Thursday, February 27, 2014

Pass the OJ, mate: Why it took more than 400 years to stop scurvy

Avast, ye scurvy dogs! Ahoy, me limeys!

What’s that? You’re not wearing your eyepatch? You’ve misplaced your cutlass and parrot? Well, you’re forgiven. We’ve just got pirates on the brain over here because we’ve been learning about how citrus has been used to treat and prevent the terrible disease of scurvy.

As pirates of old could attest, you really don’t want to get scurvy. It’s a truly wretched condition, which starts with fatigue and only gets worse from there–potentially even life threatening.

Fortunately, scurvy is very easy to avoid. Its cause is quite simple: a lack of vitamin C. Because today’s diets, which include plenty of fresh fruits and vegetables, usually contain adequate amounts of this crucial nutrient, scurvy is fortunately now quite rare.

But between 1500 and 1800, scurvy is thought to have killed as many as two million sailors. On some long sea voyages, as many as two-thirds of those on board perished of the disease. These figures may seem almost unbelievable today. Yet there was confusion about scurvy’s exact cause for hundreds of years.

As early as the 1500s, people saw a connection between citrus juice and scurvy prevention. But they didn’t know exactly what was working to prevent the sickness. Some came to the conclusion that it was the acidity of the citrus that was effective.

In 1747 James Lind conducted the
world's first clinical trial to find
a treatment for scurvy.
In 1747, a Scottish doctor named James Lind conducted the world’s first clinical trial on a group of scurvied sailors. The seamen were divided into six experimental groups and received daily doses of six potential “cures.” Group 1 got seawater, group 2 got vinegar, group 3 got a “spicy paste” and barleywater, group 4 got sulfuric acid, group 5 got cider, and the fortunate group 6 got two daily oranges and a lemon.

Well, they ran out of fruit in six days’ time, but it was enough. By then, one fruit-eating sailor had recovered enough for full duty, and the other was almost better.

Oddly enough, this successful experiment didn’t fully convince Lind himself. However, he did recommend that sailors consume citrus juice and watercress (also high in vitamin C) while on voyages. The British Navy also began issuing daily rations of lemon juice to sailors, which worked very first.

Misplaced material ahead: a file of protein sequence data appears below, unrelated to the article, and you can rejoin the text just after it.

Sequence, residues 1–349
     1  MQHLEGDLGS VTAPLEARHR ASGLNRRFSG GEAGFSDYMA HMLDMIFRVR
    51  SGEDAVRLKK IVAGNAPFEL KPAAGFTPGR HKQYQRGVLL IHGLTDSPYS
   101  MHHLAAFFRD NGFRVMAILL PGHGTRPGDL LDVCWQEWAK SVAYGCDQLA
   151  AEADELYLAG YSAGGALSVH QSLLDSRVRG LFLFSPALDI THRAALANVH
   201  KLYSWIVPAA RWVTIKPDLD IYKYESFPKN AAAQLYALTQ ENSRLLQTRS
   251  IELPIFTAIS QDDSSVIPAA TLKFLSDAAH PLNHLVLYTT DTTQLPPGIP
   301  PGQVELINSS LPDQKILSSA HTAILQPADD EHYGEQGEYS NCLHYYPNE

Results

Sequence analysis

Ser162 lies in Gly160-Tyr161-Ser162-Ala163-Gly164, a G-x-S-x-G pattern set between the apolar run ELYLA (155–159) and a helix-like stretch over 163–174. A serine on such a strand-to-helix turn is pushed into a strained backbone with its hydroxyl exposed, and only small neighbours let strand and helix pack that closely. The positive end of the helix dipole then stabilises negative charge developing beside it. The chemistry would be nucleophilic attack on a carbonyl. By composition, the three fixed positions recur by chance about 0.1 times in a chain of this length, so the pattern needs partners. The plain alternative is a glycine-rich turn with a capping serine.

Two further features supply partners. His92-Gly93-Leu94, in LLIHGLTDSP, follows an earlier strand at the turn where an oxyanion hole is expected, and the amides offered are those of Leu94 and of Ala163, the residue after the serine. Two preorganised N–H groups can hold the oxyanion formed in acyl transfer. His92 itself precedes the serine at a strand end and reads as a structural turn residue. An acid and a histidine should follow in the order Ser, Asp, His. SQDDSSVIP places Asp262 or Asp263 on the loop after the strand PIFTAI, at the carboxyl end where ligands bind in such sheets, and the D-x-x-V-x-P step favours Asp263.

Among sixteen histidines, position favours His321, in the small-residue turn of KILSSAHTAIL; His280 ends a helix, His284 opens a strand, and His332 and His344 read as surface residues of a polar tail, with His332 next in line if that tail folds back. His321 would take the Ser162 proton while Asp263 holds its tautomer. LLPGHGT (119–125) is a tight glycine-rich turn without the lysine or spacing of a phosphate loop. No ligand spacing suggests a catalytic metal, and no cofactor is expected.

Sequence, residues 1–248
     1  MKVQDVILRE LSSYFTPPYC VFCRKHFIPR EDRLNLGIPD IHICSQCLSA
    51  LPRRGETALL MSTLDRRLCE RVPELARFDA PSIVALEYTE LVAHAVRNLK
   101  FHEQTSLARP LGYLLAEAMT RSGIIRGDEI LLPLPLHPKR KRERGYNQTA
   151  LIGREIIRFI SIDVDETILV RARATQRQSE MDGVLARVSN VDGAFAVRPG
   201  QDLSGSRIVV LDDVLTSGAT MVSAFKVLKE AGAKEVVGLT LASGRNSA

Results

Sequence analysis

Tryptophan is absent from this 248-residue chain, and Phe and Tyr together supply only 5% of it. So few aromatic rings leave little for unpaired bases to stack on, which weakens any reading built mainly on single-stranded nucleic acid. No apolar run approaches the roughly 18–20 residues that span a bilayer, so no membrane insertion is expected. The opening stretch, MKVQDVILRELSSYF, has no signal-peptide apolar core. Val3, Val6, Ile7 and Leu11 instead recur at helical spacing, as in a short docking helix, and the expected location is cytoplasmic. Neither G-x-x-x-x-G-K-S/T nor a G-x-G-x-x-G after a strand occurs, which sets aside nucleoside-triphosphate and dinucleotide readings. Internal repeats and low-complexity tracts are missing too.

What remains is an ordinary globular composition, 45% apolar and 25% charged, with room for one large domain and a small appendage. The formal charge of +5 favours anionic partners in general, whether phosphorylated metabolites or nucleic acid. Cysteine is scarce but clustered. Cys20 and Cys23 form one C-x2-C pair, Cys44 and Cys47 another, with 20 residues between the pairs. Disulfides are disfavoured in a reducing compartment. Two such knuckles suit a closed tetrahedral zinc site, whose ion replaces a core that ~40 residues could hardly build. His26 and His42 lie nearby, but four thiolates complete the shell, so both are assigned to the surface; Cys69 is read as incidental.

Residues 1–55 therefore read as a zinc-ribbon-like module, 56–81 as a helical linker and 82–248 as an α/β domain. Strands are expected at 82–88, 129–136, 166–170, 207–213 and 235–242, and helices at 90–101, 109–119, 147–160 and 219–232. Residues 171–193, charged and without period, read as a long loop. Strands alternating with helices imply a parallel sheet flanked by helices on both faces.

History intervened, and the idea that citrus cured scurvy was almost lost. You see, lemons were hard to come by in the British empire, but limes, which grew well in the Caribbean colonies, were not. So the British navy started supplying its sailors with lime juice instead. (Hence, the term “limey” for a sailor.)

The problem? Limes are significantly lower in vitamin C than lemons. (Of the common citrus fruits, oranges and lemons are the highest in C, with grapefruit next, and limes in last place.)  What’s more, at sea, the lime juice was stored in conditions that destroyed what vitamin C it did have. In other words, the limeys’ lime juice wasn’t actually working, and some travelers consuming lime juice still got scurvy.

It had also been noticed that people who ate fresh meat, and only meat, didn’t seem to suffer from the sickness. (This is because fresh meat contains small amounts of vitamin C from the diet of the animals.) Yet those who were living mostly on salted and preserved meat definitely did. This observation did even more damage to the “fresh fruit” theory of scurvy. Never mind the oranges and lemons! the thinking began to go. Scurvy is caused by spoiled meat!

Early polar explorers did not prepare correctly to prevent
scurvy, and suffered severe consequences.
It was this thinking that sent expeditions to the South Pole in the early 1900s without any sources of vitamin C. Oh, they were concerned about scurvy, all right—so they obsessively ensured that all their preserved and canned meat was in great condition. Of course, this didn’t work, and scurvy ensued, much to the men’s despair.

Indeed, scientists didn’t figure it all out until 1932, when vitamin C, or ascorbic acid, was finally discovered and its role in preventing scurvy was confirmed (in fact, ascorbic basically means “no scurvy”). After centuries and literally millions of deaths, at last we truly understood how to prevent and cure this terrible and deadly sickness. The cure really was as simple as eating an orange (or another good source of vitamin C).